The Value of Data Comes From How It’s Used

The Value of Data -Zem tour

The Value of Data Comes From How It’s Used


Data innovation  the use of data to create value has become increasingly important to economic growth, competitiveness, scientific discovery, and social progress as new technologies and methods have made it easier to collect, store, analyze, share, and use information. 

However, as policymakers around the world grapple with the challenge of leveraging digital technologies to drive development, many are being seduced by the misguided and costly fallacy that it is the location of data that matters i.e.,  that countries can best serve their economic interests byforcing firms to store data locally, a concept known as “data localization” instead of focusing on the fundamentals of information and communications technology (ICT) adoption, education, digitalinfrastructure, and data governance policies, which are necessary to maximize the economic and societal benefits of data and digital technologies.

For consumers and firms alike, digital technologies have fundamentally changed how they conduct domestic commerce and international trade. Consumers rely on data and data-driven services to search online, buy and sell goods and services on e-commerce platforms, send emails, and anynumber of other tasks, many of which can be done on increasingly powerful and affordable computers, tablets, and smartphones. Meanwhile, firms are using data and digital technologies in virtually all industries not just the “tech” sector—to streamline business practices and increaseefficiency.

 Firms rely on data to advertise and engage with customers, discern market demand and adapt products and services accordingly, operate production systems, manage global work forces, monitor supply chains, and support products in the field in real time. But to maximize the value of data, it needs to be able to flow across borders. As ITIF argues in “Cross-Border Data Flows Enable Growth in All Industries,” there is probably not a single company today with operations, suppliers, or customers in more than one nation that does not rely on moving dataacross international borders.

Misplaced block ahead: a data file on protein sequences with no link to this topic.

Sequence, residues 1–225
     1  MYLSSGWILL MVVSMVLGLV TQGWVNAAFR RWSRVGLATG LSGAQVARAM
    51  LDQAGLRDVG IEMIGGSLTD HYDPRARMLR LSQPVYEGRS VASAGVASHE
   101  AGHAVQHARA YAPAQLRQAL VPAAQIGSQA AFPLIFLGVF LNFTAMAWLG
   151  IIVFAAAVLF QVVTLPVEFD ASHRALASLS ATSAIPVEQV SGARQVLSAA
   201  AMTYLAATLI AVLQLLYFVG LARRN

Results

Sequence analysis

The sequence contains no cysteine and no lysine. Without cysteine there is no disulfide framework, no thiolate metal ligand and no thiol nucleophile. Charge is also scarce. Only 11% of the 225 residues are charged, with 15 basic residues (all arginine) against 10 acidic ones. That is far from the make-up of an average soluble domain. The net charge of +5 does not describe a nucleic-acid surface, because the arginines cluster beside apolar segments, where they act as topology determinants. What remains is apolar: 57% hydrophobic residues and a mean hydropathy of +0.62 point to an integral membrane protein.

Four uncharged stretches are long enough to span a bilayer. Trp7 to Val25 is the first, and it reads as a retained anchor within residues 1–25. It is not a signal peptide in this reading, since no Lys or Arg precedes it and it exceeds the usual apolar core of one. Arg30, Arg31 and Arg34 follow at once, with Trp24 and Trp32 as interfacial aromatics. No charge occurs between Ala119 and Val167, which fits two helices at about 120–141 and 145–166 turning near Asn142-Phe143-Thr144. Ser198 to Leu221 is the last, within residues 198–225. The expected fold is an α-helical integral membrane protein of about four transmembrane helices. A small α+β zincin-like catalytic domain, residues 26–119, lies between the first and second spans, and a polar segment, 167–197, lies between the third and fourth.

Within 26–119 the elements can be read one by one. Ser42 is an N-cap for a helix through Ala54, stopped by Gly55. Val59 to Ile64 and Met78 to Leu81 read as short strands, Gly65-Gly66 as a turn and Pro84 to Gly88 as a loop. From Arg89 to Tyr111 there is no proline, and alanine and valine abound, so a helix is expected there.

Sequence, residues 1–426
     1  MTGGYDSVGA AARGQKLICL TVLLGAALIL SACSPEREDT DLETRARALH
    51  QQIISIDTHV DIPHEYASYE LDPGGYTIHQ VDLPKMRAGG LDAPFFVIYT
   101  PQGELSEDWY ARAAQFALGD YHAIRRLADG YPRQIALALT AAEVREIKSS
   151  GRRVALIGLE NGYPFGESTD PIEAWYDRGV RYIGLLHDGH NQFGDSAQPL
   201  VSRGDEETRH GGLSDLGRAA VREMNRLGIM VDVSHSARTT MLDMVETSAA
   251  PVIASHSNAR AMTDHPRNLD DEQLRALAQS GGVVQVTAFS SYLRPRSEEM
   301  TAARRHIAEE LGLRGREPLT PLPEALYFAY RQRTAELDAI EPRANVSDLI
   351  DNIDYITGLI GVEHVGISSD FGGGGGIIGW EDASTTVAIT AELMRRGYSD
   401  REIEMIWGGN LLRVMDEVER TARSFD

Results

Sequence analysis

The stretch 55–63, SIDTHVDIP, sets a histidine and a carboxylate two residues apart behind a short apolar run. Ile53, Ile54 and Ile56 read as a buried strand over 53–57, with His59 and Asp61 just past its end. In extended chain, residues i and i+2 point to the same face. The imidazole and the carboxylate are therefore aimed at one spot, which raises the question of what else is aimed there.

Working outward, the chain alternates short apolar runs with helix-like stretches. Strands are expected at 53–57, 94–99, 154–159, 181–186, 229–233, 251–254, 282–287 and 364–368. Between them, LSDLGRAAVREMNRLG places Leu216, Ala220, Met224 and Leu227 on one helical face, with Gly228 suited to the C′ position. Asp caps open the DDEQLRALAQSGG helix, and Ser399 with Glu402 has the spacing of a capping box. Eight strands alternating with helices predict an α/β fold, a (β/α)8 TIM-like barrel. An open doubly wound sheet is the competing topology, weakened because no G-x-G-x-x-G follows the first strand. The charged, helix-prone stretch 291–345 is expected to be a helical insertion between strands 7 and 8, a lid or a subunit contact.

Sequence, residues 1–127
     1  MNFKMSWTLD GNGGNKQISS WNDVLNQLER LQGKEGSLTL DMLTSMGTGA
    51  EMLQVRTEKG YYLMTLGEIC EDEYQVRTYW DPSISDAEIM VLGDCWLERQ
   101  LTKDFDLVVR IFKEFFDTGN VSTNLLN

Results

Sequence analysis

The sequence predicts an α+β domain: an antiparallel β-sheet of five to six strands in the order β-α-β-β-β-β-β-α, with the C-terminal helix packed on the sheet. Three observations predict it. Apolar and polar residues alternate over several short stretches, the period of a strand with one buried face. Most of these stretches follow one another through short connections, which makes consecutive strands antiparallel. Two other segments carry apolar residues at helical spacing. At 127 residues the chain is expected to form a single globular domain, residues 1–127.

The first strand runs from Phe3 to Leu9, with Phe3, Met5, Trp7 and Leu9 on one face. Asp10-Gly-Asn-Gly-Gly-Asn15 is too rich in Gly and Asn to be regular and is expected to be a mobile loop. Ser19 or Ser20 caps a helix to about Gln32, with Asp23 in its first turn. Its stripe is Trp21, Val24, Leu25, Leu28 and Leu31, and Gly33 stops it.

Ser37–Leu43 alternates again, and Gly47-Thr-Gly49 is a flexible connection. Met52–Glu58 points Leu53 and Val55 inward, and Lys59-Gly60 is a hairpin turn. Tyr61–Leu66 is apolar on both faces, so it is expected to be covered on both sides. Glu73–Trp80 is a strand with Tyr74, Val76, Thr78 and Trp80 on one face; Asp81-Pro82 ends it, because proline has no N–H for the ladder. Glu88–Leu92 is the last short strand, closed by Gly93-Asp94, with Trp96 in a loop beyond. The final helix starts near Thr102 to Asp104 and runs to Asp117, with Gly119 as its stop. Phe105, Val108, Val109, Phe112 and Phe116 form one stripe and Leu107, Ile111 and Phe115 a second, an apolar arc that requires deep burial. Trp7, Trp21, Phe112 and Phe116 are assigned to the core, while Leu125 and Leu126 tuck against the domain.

Moreover, no international trade involving consumers can take placewithout collecting and sending certain personal data across borders such as names, addresses, and billing information.

For all countries developed and developing the economy can be most productive and innovative when individuals and firms can engage in digital activity and commerce without unnecessary restrictions on how they can use and transfer data. Unfortunately, many policymakers want toimpose geographical restrictions on where firms can store data in the hope of supporting digital development. Some restrict the location of data for other reasons, such as to address privacy and cyber security concerns, or to ensure that government authorities have access to data for law enforcement or national security purposes (a false premise, which ITIF addresses in other reports). 

Regardless of the rationale, data localization not only makes it harder and costlier, if not illegal, for firms to transfer data across borders, but also can raise the cost of cloud computing services. 

Just as economic nationalism can lead to lower productivity for firms and higher costs forconsumers, particularly when it is focused on capital goods, “data nationalism” policies will reduce economic growth by limiting a country’s ability to benefit from data-driven innovation and increasing the cost of ICT goods and services, which will lead to lower innovation and slower productivity growth.

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